The Shatkarma or the six purification techniques in Hatha Yoga are designed to make the body strong and healthy. ‘Shat’ means six and ‘Karma’ here means a method or technique. Shatkarmas are considered preparatory steps towards higher practices of pranayama and meditation. The ancient Rishis recognized the importance of a healthy body for all activities.
Hatha Yoga, as described in the early Yoga Upanishads, was made up of the shatkarmas and is a very precise and systematic science.
The Shatkarmas consist of six techniques. It can make the body clean and strong, free of diseases, remove toxins and improve concentration. It can also improve the flow of prana into the organs and the pranic meridians or nadis. The six techniques are – Neti, Dhauti, Nauli, Bhasti, Kapalabhati and Trataka.
The aim of hatha yoga and, therefore, of the shatkarmas is to create harmony between the two major pranic flows, ida and pingala, thereby, attaining physical and mental purification and balance.
The shatkarmas are also used to balance the three doshas or humours in the body: kapha, mucus; pitta, bile; and vata, wind. According to both ayurveda and hatha yoga, an imbalance in the doshas will result in illness. These practices are also used before pranayama and other higher yoga practices in order to purify the body of toxins and to ensure safe and successful progression along the spiritual path.
These powerful techniques should never be learned from books or taught by inexperienced people. According to the tradition, only those instructed by a guru may teach others. It is essential to be personally instructed as to how and when to perform the shatkarmas, according to individual limitations and needs.
These kriyas (processes) clean the eyes, respiratory system, food pipes, and tone up abdominal viscera and the small intestine.
The body works like a machine and has to be continuously cleaned and maintained. The body releases toxins in the form of mucus, gas, acid, sweat, urine and stool. It is these toxins that have to be removed and cleaned for the proper functioning of the body.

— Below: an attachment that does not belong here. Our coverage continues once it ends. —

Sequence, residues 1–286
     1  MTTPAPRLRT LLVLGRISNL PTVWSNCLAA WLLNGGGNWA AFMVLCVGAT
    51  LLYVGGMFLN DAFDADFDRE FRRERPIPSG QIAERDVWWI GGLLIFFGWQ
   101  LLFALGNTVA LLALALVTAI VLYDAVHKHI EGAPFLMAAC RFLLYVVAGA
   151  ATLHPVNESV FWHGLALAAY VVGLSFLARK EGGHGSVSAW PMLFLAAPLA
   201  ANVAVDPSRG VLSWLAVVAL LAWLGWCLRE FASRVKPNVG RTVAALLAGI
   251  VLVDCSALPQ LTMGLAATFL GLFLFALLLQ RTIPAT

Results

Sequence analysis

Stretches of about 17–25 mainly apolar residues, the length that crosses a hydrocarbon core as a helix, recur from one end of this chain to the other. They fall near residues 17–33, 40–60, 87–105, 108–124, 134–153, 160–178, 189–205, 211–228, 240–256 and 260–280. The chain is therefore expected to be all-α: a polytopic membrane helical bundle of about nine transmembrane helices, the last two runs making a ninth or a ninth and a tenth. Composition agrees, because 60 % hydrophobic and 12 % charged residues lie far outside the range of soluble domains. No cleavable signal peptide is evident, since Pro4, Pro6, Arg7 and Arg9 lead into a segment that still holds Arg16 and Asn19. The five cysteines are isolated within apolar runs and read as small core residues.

Earlier, these practices were undertaken by yogis to prepare their bodies for advanced practices of yoga. They were not designed for therapy alone, but to create harmony of body and mind. As shatkarmas detoxify the body, resulting in many benefits, they are very relevant to us today and make a lot of sense if we learn and follow them.
The six techniques are – Neti, Dhauti, Nauli, Bhasti, Kapalabhati and Trataka
Neti is the process of nasal cleaning done using a small pot called Neti pot. It has a long spout on one side. It is filled with warm salt water. Then the spout is inserted into the left nostril. The practitioner bends his head to right side and lets the water from the left nostril into the nasal cavity, which then comes out of the right nostril. The pot is again filled with salt water and the process is repeated by inserting the spout in the right nostril and tilting the head to the left. This process cleans the nose and the sinus cavities, thus, helping in relieving allergies, sinusitis, mild headaches and migraine. Neti can also be done using a rubber catheter. It is called Sutra Neti, where the catheter is inserted into one nostril and pulled out from the throat and out of the mouth. Then using gentle to and fro motion of the catheter tube, the nostril passage is cleaned. This it is repeated for the other nostril. Both forms of Neti have a de-sensitizing effect on the membranes inside the nose, thus, relieving allergies, rhinitis, etc. It is said that Neti also stimulates certain nerve centers in the upper nasal passage.